On January 30, 2020, WHO chief Tedros saidExternal link Public Health Emergency of International Concern (USPPI) based on IHR but WHO has not recommended any border restrictions.

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He said, “The formal notification and emergency declaration procedures under the International Health Regulations were, however, far too slow to elicit a rapid and precautionary response.” The IPPPR finds that the current system at national and international levels is “not adequate” for disease outbreaks and calls for a new global system for the future.

The new treaty proposed by the WHO targets precisely that. But given the current situation and states that still follow individual policies, Professor Suerie Moon and Professor IIona Kickbusch of the Global Health Center at the University Institute of Geneva both sayExternal link such a treaty on the global pandemic is “ambitious”.

“A treaty must interweave self-interest and material factors within a flexible framework of shared principles and goals if the world is to live up to this exceptional political opportunity to prevent future pandemics,” they wrote in the Lancet Public Health journal.

Discord over travel and masks

Nothing illustrates the lack of global cooperation better than the lockdown policies and travel restrictions implemented by states without any global consultation. Going against WHO recommendations under the IHR, China was the first to impose a strict lockdown in the city of Wuhan in January 2020 for more than two months. Severe restrictions on the mobility of nine million residents have been put in place. Following in Wuhan’s footsteps, all major Chinese cities have also closed their doors.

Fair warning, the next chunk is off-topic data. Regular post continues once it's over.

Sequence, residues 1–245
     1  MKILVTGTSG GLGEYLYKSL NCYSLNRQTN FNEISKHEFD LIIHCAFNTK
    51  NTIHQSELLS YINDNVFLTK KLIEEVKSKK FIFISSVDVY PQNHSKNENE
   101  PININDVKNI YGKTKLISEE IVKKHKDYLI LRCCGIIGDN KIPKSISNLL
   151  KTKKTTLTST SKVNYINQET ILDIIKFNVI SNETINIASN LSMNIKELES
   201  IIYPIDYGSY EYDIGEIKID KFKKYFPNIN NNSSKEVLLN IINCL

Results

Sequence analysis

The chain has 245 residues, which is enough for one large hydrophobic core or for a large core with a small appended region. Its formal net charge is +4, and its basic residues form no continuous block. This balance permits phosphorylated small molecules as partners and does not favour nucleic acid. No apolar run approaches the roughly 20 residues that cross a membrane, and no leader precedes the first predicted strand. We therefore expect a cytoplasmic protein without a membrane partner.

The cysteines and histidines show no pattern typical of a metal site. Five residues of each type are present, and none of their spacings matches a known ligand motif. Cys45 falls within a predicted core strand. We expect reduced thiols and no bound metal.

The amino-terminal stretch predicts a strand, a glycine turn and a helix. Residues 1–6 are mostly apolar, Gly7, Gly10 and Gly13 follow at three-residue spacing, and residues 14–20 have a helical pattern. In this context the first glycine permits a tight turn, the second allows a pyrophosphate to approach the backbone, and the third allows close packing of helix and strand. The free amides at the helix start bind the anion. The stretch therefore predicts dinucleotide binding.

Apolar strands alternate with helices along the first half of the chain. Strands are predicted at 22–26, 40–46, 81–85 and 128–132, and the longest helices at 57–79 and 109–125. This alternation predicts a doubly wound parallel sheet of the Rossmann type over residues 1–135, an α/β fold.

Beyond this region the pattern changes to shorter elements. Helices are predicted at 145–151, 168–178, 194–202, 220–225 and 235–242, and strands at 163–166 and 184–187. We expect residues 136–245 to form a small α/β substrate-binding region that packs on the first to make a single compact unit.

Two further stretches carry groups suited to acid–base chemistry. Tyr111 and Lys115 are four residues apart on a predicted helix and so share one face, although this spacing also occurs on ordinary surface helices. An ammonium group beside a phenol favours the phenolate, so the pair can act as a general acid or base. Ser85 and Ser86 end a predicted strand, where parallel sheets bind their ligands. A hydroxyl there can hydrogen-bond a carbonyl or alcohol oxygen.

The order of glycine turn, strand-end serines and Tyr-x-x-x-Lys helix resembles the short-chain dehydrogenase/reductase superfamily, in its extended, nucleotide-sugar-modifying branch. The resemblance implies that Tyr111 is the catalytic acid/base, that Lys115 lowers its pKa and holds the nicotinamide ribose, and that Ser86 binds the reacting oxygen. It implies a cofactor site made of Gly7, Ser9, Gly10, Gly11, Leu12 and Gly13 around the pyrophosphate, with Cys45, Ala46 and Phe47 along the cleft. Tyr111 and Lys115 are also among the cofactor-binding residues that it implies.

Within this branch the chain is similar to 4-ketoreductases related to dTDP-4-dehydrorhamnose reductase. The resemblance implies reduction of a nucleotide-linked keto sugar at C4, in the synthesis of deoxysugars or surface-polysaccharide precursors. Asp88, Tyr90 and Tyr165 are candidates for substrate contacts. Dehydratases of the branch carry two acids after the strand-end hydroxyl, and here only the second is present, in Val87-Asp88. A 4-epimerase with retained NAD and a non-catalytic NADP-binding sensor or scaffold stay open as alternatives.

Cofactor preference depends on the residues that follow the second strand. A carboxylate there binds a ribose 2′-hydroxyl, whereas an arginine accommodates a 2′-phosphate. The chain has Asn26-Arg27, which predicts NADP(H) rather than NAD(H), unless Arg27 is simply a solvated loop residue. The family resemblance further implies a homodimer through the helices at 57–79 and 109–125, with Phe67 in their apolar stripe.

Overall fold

However, the WHO has arguedExternal link that travel restrictions generally have significant economic and social implications and, ultimately, “did not prevent the importation of disease”.

“Travel restrictions can slow the spread of infection in the early stages of a pandemic, but it is not optimal to use travel restrictions to stop the possible global spread of pandemic infections,” says Keiji Fukuda, influenza pandemic expert and former WHO Assistant Director-General. A travel restriction is “a temporary and tactical step allowing a country to gain time to prepare its systems and adopt basic infection prevention and control measures such as social distancing, masks and tests”, did he declare.

Research has proven that with hindsight, travel restrictions aren’t such a bad decision. Many have kept them in place to this day.

“The travel quarantine introduced in Wuhan on January 23, 2020 only delayed the spread of the epidemic by three to five days in China, but international travel restrictions have helped slow the spread elsewhere in the world until mid-February. concluded a research of the American academic journal ScienceExternal link.

Masks are another topic that no one can agree on. Debate rages again after US Centers for Disease Control and Preventions (CDC) announcementExternal link that people fully vaccinated against Covid-19 no longer need to wear masks or implement social distancing.